In today’s world of rapidly accelerating change and radical shifts in beliefs and behavior, nothing is certain anymore. Certainly not a “personality.” People change overnight, or seemingly so. Beneath the surface, something greater is transpiring. We are living in a time of soul discovery, or perhaps soul recovery. Within the larger framework of changes in social consciousness, individuals are increasingly being drawn to the idea of authenticity, of living their true selves, not who society has always told them to be. And when the focus is authenticity, what’s really going on is soul connection. You can’t be your authentic self and be disconnected from your soul. This is the paradigm shift we are living into.

So are we all really losing our selves now, as the world also seems to be losing itself? That would actually be the best-case scenario. To lose your fabricated self within the wisdom and peace of your soul would probably be the most life-affirming thing that could happen to you, and to the world. Because as each person aligns with their authentic soul self (and in conjunction the love that resides in their heart), a connection to something greater also occurs. And in that greater connection is universal sisterhood and brotherhood, or oneness. A oneness that encompasses all beings and Mother Earth herself.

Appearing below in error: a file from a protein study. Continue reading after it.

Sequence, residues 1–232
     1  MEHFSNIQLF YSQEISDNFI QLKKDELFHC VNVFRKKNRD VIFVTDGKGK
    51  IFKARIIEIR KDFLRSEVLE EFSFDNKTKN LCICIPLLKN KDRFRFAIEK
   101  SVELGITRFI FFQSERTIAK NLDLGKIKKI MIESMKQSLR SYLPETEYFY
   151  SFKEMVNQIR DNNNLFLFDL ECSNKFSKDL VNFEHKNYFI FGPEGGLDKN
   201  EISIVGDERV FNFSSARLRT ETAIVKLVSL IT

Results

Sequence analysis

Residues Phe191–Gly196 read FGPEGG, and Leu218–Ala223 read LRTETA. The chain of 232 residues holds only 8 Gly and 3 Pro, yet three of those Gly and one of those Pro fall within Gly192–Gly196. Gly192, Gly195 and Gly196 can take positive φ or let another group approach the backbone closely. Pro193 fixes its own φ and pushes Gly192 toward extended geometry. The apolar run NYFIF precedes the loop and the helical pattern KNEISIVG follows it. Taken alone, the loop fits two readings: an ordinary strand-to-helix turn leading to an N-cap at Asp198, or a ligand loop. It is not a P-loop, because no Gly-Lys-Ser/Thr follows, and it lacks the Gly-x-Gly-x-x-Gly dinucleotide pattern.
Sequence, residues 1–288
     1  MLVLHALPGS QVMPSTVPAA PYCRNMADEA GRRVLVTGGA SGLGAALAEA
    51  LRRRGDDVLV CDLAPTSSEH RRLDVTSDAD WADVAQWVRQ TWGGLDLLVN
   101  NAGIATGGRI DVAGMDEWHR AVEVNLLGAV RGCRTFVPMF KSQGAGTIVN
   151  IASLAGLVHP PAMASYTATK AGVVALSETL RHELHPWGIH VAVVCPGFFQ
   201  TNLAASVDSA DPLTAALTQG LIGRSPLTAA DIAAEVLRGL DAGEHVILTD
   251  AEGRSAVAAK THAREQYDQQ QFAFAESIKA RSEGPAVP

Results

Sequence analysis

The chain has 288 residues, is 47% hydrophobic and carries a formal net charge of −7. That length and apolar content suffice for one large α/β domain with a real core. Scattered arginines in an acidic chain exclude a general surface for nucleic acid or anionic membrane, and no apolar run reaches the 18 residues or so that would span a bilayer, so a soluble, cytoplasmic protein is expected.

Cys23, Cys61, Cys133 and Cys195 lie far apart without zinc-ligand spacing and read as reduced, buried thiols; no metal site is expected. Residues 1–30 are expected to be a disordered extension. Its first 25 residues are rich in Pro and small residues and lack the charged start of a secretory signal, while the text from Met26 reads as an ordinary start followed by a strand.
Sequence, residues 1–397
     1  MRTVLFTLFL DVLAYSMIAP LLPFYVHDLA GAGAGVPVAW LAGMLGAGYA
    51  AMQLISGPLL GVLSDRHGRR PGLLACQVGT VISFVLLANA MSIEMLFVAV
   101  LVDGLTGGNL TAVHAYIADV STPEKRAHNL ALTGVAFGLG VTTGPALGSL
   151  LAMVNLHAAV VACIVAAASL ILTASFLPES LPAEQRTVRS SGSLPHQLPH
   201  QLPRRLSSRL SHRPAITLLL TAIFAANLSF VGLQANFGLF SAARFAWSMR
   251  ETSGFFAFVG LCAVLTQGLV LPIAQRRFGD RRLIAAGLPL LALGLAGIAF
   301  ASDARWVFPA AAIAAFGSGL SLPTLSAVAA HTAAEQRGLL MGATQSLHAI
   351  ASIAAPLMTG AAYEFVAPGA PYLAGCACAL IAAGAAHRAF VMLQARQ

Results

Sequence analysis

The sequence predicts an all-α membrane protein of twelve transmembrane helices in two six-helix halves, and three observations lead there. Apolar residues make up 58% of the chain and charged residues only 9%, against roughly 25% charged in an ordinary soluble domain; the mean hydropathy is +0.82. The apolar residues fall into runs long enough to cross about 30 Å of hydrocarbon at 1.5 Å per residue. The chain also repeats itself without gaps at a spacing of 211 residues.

In losing our selves in this way, we are not really losing anything. The personality can live in harmony with the soul, and we can all live in harmony with one another. At the level of spirit, or soul, there is no separation. In truth, we came to this planet as souls for the extraordinarily diverse experience of being human—every poignantly sweet moment from birth to death. And within the trajectory that is life on Earth over the millennia, we have now reached the evolutionary point of complete soul immersion: living as conscious spirit in physical form. So celebrate the re-union of personality and soul. It is truly one of the greatest gifts you could possibly receive—or give to the world.

“I’m everything in everywhere.
Can you see me in your own reflection?”—Jason Mraz